Last week I came for the first time, after arrived in Luxembourg, to the Centre de Documentation sur les Migrations Humaines – a trés sympas building at the Gare-Usine, in Dudelange (it is very easy to get there), with space for exhibitions, conference room, library and an interesting archive (not only on Italian and Portuguese Migration!).
I will write more about this visit to the Centre Doc (this is, I realize, the abbreviation that the friends of the CDMH use 🙂 ) and the tour at the Quartier Italie I did yesterday in a further opportunity. By now, if you want a quick view n the Quartier, you can see this link from the Institut Europeen des Itineraires Culturels, or this 4 pages dossier, by Antoinette Reuter, who is herself a historian, collaborator of the Centre Doc, and has been engaged with the subject of migration for long time now.
Today I write to tell about the meeting they will have this Sunday, which has as a guest Emmanuel Mbolela, with an autobiographic book on his politic activities in the République Démocratique du Congo, and the huge repression that forced him to emigrate. A touching account on the violence and the exploitation he faced in his journey, crossing the Sahara, then arriving in Morocco, where he became co-founder of an association of Congolese refugees. After four years, he acquired refugee status in the Netherlands, where a new chapter began, with other experiences and challenges to face, as, for example, the extremely harsh working conditions, which are subject mainly immigrant workers.
Emmanuel Mbolela will tell us his story and a bit about the book in a especial lecture this Sunday (08/Nov), 15:00h, at the Centre de Documentation sur les Migrations Humaines. ALL INVITED! The event is bilingual, German and French.
I will be there.
If you want to be aware about the future cultural activities of the Centre Doc, subscribe yourself to the Newsletter / Liste de difusion here.
When you depart for Ithaca, wish for the road to be long,
full of adventure, full of knowledge.
from Ithaca (Ἰθάκη), by Konstantinos Kavafis.*
This is the first of a serie of posts I expect to share with you during the next three years of my life, which I will dedicate to my PhD research at the Digital History Lab (website coming soon) of the University of Luxembourg, under the supervision of Prof. Dr. Andreas Fickers. And you are welcome to follow the outstanding upcoming stories in the tag PhD Research Diary. 🙂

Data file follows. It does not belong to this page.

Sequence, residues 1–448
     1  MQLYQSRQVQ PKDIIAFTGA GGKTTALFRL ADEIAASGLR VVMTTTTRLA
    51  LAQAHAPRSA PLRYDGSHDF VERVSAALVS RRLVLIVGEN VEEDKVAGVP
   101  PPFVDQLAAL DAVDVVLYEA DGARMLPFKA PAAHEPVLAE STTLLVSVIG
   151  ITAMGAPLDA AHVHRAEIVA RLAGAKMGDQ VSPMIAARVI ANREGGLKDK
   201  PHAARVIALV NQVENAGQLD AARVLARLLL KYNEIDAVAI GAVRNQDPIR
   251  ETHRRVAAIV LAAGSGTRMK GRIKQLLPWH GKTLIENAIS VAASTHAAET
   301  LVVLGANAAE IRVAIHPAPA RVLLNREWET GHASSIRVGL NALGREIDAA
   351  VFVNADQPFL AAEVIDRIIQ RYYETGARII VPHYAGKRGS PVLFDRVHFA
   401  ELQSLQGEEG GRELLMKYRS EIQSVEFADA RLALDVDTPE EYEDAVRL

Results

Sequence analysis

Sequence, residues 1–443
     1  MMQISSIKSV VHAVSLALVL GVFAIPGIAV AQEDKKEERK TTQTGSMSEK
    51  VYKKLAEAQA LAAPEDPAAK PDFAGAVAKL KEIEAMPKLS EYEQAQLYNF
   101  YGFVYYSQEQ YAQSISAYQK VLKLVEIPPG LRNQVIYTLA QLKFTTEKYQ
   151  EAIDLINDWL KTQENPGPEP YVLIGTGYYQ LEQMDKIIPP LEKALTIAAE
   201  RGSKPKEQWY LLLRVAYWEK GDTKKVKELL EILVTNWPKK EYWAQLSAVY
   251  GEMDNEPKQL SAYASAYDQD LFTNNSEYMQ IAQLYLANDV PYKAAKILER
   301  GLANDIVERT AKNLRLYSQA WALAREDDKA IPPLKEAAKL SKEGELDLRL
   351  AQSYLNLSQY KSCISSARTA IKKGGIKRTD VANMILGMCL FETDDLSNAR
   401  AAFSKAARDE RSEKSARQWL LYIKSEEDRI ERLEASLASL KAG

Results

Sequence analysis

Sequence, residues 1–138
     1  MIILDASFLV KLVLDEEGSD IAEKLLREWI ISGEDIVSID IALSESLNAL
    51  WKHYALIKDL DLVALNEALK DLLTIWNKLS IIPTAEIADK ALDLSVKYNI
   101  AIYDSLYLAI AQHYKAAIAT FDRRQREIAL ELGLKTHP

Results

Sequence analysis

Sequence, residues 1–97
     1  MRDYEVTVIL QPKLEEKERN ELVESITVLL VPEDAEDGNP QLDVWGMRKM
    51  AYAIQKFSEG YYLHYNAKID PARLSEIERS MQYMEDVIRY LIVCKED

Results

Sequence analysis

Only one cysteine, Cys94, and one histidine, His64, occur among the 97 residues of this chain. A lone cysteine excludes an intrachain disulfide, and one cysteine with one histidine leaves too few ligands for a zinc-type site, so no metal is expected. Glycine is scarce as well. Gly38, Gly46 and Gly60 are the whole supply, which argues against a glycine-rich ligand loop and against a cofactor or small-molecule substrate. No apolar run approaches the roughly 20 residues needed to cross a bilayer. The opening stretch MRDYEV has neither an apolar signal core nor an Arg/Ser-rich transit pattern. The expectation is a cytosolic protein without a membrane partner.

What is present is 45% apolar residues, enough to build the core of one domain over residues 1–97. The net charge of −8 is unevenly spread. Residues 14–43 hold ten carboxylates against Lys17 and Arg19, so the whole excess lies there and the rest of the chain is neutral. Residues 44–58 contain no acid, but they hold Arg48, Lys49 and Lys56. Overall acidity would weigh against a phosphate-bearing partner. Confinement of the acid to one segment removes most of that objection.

As all the new beginnings, this introductory post makes me feel a little bit self-reflexive. Looking at my life in the rearview, I would say now it is everything connected, from a very personal point of view. The first time I got interested in the subject of Digital History I was in Europe, more precisely, in Italy (where the above pottery is supposed to be found), for my first study experience abroad, at the Università Degli Studi di Firenze. Now, I am back to the Continent with another baggage experience, and a slightly better understanding of the importance of travels for our personal life stories, and (why not?) for the “big” History.
I like that now, beyond be researching something that, I hope, will be useful to my colleagues working in the field of History in a near future, I will also be working directly with people, either because this project is also a public history project, either because I will be using oral history methods. Or, yet, because, afterwards, I hope my research can bring some effective contribution to the reality of so many people who have ever experienced what it is to be an immigrant. Well, it is actually bold to say that, but one can always dream (and I have some affinity with John Lennon).